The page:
To be honest, at the moment I’m processing wood of all different sizes and a number of different types, sometimes full of knots. I’m also teaching myself how the profile and sharpen axe heads. So the manual splitting process is helping me understand what geometry works for me in real time. Not just in theory or on the internet. I am starting to get a feeling of what edges will “bite” and what will “bounce” with the wood that I have. Part of that comes for repetition and muscle memory. It’s satisfying to feel the blade bite in and pop a piece of wood open. Then look at that wood and imaging it like a piece of a puzzle that will soon be fit into the feed tube of my RMH and become fuel to heat our space.

I’m far from a purist when it comes to this stuff and I’m all about short cuts, but the miles I’m putting in right now is teaching me so much. And it’s meditation….

Tire in the spring...

Peter
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Meditation
Meditation
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Seems to work
Seems to work
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Fire wood is down. Time to get more
Fire wood is down. Time to get more
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Snow clearing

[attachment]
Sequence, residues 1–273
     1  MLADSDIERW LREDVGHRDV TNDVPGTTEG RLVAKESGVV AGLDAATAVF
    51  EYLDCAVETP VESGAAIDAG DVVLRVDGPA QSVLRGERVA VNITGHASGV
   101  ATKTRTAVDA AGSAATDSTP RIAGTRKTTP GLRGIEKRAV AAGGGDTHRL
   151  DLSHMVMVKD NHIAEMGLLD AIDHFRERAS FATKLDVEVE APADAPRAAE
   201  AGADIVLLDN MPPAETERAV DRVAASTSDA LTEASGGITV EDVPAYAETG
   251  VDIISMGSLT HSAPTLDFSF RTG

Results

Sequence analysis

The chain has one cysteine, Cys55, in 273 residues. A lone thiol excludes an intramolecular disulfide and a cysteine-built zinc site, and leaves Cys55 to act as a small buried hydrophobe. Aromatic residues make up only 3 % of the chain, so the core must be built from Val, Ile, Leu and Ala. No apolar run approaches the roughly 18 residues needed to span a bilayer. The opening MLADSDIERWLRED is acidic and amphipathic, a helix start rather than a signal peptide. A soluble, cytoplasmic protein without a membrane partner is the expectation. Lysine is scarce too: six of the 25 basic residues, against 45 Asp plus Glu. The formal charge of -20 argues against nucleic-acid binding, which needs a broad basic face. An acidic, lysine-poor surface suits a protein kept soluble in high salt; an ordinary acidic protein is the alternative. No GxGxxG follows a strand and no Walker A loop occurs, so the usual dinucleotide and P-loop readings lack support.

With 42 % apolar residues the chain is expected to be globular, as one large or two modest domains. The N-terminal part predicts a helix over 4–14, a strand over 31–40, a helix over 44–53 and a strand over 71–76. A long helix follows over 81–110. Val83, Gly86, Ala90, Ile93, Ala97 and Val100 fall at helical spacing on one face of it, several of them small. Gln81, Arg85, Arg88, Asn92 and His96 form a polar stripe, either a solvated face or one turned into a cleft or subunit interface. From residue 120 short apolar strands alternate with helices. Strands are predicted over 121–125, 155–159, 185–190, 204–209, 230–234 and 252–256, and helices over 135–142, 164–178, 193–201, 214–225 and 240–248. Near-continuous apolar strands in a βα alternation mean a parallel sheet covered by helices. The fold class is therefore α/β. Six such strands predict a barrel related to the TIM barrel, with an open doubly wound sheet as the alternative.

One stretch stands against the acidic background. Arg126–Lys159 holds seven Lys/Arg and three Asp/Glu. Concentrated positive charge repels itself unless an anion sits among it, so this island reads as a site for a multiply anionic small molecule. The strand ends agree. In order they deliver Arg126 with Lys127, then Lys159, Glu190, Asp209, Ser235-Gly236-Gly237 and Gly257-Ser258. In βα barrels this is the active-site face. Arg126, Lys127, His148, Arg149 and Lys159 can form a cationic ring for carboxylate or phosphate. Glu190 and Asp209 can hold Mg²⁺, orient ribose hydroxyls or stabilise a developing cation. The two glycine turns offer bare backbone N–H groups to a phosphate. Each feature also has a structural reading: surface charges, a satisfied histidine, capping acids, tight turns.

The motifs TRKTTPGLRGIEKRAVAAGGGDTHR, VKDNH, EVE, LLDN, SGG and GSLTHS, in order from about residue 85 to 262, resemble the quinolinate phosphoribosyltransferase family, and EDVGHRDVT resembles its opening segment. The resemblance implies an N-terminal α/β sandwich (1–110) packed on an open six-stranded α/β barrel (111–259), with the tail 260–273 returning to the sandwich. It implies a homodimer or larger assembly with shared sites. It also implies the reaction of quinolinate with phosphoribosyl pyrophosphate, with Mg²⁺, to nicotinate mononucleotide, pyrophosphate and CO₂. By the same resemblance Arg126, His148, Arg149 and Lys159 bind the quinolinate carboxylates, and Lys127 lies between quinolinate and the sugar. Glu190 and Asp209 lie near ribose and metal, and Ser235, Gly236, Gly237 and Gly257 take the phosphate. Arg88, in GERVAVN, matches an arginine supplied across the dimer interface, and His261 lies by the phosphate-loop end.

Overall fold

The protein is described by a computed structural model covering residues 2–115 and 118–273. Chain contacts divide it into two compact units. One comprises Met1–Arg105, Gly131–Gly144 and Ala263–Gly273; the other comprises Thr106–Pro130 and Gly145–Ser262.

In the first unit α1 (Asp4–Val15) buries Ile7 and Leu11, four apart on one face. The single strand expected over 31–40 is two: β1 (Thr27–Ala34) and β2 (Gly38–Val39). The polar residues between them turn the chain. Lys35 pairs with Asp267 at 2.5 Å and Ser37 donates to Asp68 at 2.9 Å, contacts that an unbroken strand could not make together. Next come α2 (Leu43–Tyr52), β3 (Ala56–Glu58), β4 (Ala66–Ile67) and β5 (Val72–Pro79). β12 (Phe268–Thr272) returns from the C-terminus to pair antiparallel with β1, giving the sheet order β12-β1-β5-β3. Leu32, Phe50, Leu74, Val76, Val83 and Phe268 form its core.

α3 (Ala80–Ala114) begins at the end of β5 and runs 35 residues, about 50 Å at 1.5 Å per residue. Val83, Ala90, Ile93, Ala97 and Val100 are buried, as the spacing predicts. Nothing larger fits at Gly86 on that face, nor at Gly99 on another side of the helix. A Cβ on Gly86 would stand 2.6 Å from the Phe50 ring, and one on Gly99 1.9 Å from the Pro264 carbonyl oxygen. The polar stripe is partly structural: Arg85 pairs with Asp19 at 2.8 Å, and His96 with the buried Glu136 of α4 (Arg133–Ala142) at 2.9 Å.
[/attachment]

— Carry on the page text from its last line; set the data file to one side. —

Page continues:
Snow clearing
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Above the back windows about 2meters
Above the back windows about 2meters
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Peter Sedgwick
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Fox James wrote:Lovely looking mountain …..



It’s defiantly a powerful part of the landscape…
🏔😎🏔
 
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I wished we had a dump of snow!
 
Peter Sedgwick
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Satamax Antone wrote:I wished we had a dump of snow!



I feel your pain my friend…😎
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Satamax Antone
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Top of my lift a fortnight ago. It is a smidge better now, but barely!
 
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Peter Sedgwick wrote:Hey guys,

1. Tamped and leveled road base gravel 6cm-8cm
2. Tamped and leveled pumice stone 4cm-6cm (for insulation)
3. Old carpet (protect the moisture barrier)
4. Tamped and leveled builders sand 2cm
5. Waterproof pond liner as moisture barrier (still debating if this is necessary)
6. Another old carpet (protect the moisture barrier)
7. Tamped and leveled builders sand 2cm
(The above numbers are rough estimated calculations based on information I have gathered from other builds with similar requirements.)


I have a consurn about the pond liner being on the hot side of the pumice insulation and either melting or of gassing something ick.
Finishing the thread has been awesome, I enjoy watching it evolve! Now must hunt the other threads mentioned.
 
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A small suggestion. I may be causing you another problem.
I saw at least two barrels of wood burning.
IF you had a smaller barrel (35 Gal) to stuff into your 50 Gal you could make charcoal out of those wooden pieces.